Each quarter sees a change in the penalty rate. According to the IRS, underpayment rates for people and companies will be 4%, compounded daily, beginning on April 1 and continuing through June 30. For that time, the rate for corporate underpayments above $100,000 will increase to 6%.
The IRS Failure-to-pay Penalty
When you miss your deadline and don’t make your tax payments on time, the IRS assesses this fine. By citing the acceptable reason for the delay, you are able to avoid paying the failure to pay the penalty.
What is the Failure-to-Pay Penalty amount?
- When the due date for tax payment is missed, the IRS assesses a penalty of 0.5% of the tax outstanding. Never will the penalty fees be more than 25% of the delinquent taxes.
- The IRS will issue the final notice 10 days later with the goal of taking the property. As long as the tax is not paid, penalty charges will increase from 0.5% to 1% every month.
- The IRS can lower the penalty rates to 0.25% each month if the installment agreement is determined to be in place.
Penalty for Failure to File
If you fail to file your tax return before the deadline, the IRS will impose a failure-to-file penalty.
How much of the Failure to File Penalty’s charges must be paid?
- The IRS will issue a failure-to-file penalty of 5% of the amount of tax not paid for each month that it is late. The fees won’t be more than 25%.
- The percentage for each penalty is 4.5% for failure to file and 0.5% for failure to pay when both penalties—Failure to Pay and Failure to File—fall in the same month, bringing the total penalty charge to 5%.
- If the tax is still outstanding after five months, the Failure to File Penalty will increase. Although the Failure to Pay Penalty only applies to the tops of 25% of the tax not paid as of the date due, it remains in effect until the tax is paid.
- The minimum Failure to File Penalty is $435 or the total tax due on the return, whichever is less if your tax filing is two months/60 days late.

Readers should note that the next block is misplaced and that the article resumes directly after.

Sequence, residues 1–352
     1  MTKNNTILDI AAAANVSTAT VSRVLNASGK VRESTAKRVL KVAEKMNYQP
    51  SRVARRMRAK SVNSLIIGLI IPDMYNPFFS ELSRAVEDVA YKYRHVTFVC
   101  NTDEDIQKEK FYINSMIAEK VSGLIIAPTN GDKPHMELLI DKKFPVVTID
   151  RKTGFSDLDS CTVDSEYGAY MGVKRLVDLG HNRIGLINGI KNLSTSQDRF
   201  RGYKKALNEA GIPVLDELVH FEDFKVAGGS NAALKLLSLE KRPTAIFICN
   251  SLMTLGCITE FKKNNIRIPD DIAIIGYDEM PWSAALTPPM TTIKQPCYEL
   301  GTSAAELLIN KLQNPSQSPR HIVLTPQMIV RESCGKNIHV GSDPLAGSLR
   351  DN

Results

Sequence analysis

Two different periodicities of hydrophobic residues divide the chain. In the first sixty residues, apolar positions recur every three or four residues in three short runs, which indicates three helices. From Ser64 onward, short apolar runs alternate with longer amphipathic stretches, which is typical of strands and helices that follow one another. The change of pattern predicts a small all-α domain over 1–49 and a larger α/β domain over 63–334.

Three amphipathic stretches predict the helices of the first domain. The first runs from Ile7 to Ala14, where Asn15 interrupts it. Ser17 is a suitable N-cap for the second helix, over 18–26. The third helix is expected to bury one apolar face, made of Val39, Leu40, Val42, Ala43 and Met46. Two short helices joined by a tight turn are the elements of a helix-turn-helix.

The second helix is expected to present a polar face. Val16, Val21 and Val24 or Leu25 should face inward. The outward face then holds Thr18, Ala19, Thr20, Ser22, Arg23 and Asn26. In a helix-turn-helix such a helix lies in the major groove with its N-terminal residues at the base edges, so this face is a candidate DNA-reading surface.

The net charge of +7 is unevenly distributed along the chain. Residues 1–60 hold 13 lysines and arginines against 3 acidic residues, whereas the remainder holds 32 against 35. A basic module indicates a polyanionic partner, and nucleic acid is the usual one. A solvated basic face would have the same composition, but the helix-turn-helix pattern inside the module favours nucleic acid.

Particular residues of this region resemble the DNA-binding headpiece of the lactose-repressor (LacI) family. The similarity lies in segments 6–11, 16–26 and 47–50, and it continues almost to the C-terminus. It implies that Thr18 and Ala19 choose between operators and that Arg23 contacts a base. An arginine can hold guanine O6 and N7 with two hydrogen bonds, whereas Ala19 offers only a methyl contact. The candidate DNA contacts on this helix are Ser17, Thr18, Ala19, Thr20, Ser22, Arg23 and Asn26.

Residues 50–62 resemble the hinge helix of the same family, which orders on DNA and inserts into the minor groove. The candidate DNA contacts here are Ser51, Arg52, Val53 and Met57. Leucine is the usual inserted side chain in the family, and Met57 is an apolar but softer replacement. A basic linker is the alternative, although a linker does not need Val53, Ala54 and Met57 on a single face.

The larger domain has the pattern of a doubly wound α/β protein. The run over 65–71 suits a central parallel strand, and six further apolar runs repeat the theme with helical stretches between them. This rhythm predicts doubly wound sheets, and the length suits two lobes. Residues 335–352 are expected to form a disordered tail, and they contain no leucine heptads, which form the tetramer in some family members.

What rules apply to the penalties’ exceptions?
Under extreme circumstances, not every taxpayer is compelled to pay tax penalties. You can bypass paying the fine for certain reasons.
- The individual has no outstanding tax debt from the previous year.
- The entire amount of tax liability is less than $1,000.
- For this year, 90% of the tax has already been paid.
- The taxpayer is now eligible for retirement.
- The taxpayer became incapacitated throughout the tax year for any unfortunate reason.
- If there are any fatalities or a calamity
At last, calculate your quarterly tax payment
When tax payment season is approaching, it’s crucial to remember the deadlines. Use the best AI-based FlyFin’s IRS tax penalty calculator to determine the precise amount of penalties you must pay in the year in order to calculate your tax penalties in 2022. You only need to provide a few details to be set up. You only need to supply the information listed below:
- Whether you are single, married and filing jointly, or married and filing separately when you file your tax return.
- Information about your current income and the taxes you paid in the preceding tax year.
- Method of tax deduction: Itemized or Standard
- each quarter’s payment of quarterly taxes